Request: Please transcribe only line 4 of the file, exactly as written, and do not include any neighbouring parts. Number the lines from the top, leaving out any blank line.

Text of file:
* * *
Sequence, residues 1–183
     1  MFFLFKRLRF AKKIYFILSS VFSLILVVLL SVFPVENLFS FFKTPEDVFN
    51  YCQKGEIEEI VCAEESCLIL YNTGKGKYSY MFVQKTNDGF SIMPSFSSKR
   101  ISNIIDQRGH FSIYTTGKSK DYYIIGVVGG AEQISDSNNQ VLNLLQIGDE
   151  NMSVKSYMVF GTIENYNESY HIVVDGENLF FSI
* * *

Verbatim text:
   101  ISNIIDQRGH FSIYTTGKSK DYYIIGVVGG AEQISDSNNQ VLNLLQIGDE